PBIS

(Positive Behavioral Intervention and Support)

Mission Statement:

Foster an intrinsic understanding of behavioral expectations within the VES/VAMS community to build relationships and create a positive learning environment for all.

Positive Behavioral Interventions and Supports (PBIS) at Viroqua Elementary

“The Viroqua Way”

Positive Behavioral Interventions and Supports (PBIS) is an approach to teaching and supporting positive behaviors, responding to problem behaviors, and creating a safe and positive school environment in which all students can learn. The foundation of PBIS at Viroqua Elementary is our four building-wide expectations:

I will be Respectful

I will be Responsible

I will be Safe

I will be Kind

We call this “The Viroqua Way.”

In addition to our behavior expectations, PBIS at Viroqua Elementary has four other major components: 1) Teaching expected behaviors; 2) Acknowledging expected behaviors; 3) Responding to problem behaviors; and 4) Creating a positive school climate through community celebrations.

Teach, Model, and Practice Expected Behaviors

At Viroqua Elementary, we teach students the behaviors we expect to see. Our philosophy is to teach behaviors in the same manner that we teach math or reading. Using our Behavior Matrix, located above, our teachers create lesson plans to teach students about the expectations in each area of our building. These lessons are taught in the first few weeks of school and reviewed throughout the school year.

Blackhawk Hero Acknowledgement System

When students display the positive behavior that we expect to see, staff members acknowledge the positive behavior. Sometimes we do this through verbal praise or positive body language, but sometimes we will give the child concrete praise, called a Blackhawk Hero slip. The student turns the slip in for a chance to win a weekly drawing. If the student is chosen as that week’s Blackhawk Hero winner, he or she may choose from a variety of privileges. Some of these privileges include: saying the Pledge of Allegiance on the announcements, helping out in another classroom, and having lunch with a friend in the classroom. We use the Blackhawk Hero slips frequently to encourage behaviors we would like to increase, and stop using them when students are consistently acting in “The Viroqua Way.”

Respond to and Track Problem Behaviors

In addition to acknowledging positive behaviors, we have a system for tracking and responding to problem behaviors. If a student is not behaving as we would expect, the teacher reteaches the expectation, provides a logical consequence if necessary, and records the behavior on a Behavior Communication Form. The behavior is recorded as either “minor” (off task, running in hallway, etc.) or “major” (physical aggression, defiance, etc.). All major behaviors are referred to the office for office staff to manage. In addition, if the student has three of the same minor behaviors in one day, he or she would be referred to the office as well (three minors equal a major).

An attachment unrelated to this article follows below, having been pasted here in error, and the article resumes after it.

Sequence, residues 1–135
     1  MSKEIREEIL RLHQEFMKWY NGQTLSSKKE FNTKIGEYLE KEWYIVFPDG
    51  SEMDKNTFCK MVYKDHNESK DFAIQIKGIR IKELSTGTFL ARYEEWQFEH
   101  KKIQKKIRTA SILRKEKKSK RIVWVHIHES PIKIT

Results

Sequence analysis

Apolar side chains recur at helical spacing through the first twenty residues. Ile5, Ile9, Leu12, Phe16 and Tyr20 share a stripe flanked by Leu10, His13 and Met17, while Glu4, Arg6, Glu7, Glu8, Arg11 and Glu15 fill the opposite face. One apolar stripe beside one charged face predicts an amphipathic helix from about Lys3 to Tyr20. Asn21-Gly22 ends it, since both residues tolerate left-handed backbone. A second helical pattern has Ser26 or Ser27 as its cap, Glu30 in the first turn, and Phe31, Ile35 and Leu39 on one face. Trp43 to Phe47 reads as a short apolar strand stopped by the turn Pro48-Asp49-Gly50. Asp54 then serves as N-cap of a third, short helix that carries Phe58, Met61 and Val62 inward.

Community Celebrations

The final component of PBIS is our community celebrations. As a school, we work together toward earning a celebration through our Blackhawk Hero Acknowledgement System. When we reach our Blackhawk Hero goal, the entire school earns a celebration. Everyone is invited to participate as we are all an important part of Viroqua Elementary!

Check In Check Out

As mentioned above, we are consistently tracking and responding to problem behaviors. When the data shows that a student has displayed 5 minor or 2 major behaviors within 30 days, they are recommended for Check In Check Out (CICO). We expect that 10-20% of our students will participate in this program throughout the year.

Through CICO, students are provided with a greeter (an adult in the building who is not their regular classroom teacher) who checks in with them in the morning and out with them at the end of the day. This gives students a positive start and end to the day and helps them form a stronger connection to school.

When they check in with their greeter, they will be given a Daily Behavior Checklist. At designated times throughout the day, the classroom teacher will talk with the student, provide feedback about their behavior, and record their score on the chart. Along the way, the classroom teacher will help them learn to accurately self-assess their own behaviors. At the end of the day, they check out with their greeter and calculate their total score. The Daily Behavior Checklist is then sent home for parents to review, sign, and return.

Throughout this process, we track how successful students are in the program and make adjustments if needed. Students exit CICO when they have maintained an average score of 80% after six weeks of participation.